Such a lack of respect for Australia is sickening.

Interestingly there has been some interesting public comment emerging from the so-called “Canberra bubble”. Some elements of the ‘Australian foreign policy and defence elite-doublespeak for spooks and war hawks’, are now expressing some concern about US ‘reliability, in our region. This concern had defence Minister Marles host in August discussions where views were expressed that Australia “should adjust” its thinking in light of the growing perception of “waning American influence”, “political instability” and drift to “isolationism”.

The discussion went on to place these concerns in the context of Australia’s “strategic circumstances”, including the pressure that Australia should be part of “going to war with China” over Taiwan, in the foreseeable future. In turn the key issue of the effectiveness of the nation’s capacity requirements, force disposition, support resources and national infrastructure required to be involved in such a war, was raised!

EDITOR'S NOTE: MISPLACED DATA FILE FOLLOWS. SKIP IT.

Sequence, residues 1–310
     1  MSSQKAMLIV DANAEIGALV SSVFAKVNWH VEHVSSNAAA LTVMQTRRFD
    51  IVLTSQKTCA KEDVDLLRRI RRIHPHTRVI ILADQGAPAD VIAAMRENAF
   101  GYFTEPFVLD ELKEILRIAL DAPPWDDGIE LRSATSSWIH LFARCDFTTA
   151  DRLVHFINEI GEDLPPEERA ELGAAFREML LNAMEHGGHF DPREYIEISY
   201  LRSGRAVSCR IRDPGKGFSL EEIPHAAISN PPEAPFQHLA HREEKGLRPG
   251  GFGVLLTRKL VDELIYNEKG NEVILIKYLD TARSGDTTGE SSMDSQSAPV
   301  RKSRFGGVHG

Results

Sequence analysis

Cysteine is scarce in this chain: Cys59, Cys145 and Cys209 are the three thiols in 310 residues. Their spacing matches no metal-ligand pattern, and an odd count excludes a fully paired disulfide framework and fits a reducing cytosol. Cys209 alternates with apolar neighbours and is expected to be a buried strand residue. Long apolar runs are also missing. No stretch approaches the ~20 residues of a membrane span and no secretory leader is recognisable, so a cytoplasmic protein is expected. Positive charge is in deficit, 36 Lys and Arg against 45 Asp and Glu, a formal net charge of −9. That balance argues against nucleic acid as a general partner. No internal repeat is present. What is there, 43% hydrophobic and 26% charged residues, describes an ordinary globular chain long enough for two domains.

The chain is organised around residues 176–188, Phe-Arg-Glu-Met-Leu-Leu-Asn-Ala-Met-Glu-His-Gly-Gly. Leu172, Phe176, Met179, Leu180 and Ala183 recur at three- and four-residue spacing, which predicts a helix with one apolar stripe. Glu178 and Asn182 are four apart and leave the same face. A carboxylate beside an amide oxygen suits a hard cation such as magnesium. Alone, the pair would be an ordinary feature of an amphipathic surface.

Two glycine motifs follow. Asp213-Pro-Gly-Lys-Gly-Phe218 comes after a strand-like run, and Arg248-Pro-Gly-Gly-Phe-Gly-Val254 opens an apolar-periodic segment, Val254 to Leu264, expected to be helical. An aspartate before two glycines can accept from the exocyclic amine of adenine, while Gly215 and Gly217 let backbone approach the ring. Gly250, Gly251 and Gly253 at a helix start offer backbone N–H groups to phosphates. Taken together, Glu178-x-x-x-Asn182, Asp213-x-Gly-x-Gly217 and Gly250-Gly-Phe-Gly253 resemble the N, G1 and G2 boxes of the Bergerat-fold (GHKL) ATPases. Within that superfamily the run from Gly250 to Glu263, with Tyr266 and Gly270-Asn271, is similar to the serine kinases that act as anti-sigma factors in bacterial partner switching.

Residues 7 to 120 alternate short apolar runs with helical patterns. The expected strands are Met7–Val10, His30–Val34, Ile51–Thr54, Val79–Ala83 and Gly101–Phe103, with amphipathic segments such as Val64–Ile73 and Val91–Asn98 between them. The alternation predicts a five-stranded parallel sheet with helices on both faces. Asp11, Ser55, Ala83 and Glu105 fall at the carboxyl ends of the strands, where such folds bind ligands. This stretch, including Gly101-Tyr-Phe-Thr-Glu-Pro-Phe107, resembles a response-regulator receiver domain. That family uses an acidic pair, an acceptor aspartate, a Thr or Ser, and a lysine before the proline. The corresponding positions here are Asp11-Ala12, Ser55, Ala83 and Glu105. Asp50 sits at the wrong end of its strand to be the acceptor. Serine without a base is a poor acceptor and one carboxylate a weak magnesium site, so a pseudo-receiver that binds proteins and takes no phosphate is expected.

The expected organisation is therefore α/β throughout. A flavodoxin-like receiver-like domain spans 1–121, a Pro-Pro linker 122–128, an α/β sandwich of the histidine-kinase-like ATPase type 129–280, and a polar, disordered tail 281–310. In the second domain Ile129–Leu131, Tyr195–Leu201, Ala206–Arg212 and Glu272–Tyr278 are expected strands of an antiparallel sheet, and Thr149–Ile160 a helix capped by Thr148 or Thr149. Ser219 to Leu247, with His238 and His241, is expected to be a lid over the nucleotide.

One participant in the discussion expressed concern over America’s mood to end its legacy of “forever wars”, which could lead to the danger of the US “losing its will to uphold the global order”. The report on the discussion went on to suggest that some within the ‘political class’ in Canberra are struggling to maintain a clear view of Australia’s ongoing role as a US ally.

More than ever Australia should have its own viable sovereign defence policy and defence structure. This is a given in modern world affairs.

Australia needs to define for itself a progressive, pragmatic role in fighting for peace and arguing that war and conflict, is not the answer. That peace in itself is in our country’s national interest and that a more benign, multipolar Indo-Pacific order is a worthwhile aim.

A major starting point for the Australian people is that they are entitled to be more aware of the economic basis of ‘spheres of influence’ competition underscoring the current ‘war talk’.

***Recommended reading:

“Our exceptional friend-Australia’s fatal alliance with the US”, Emma Shortis. Hardie Grant books, 2021.

 “Dangerous Allies”, Malcolm Fraser, 2014.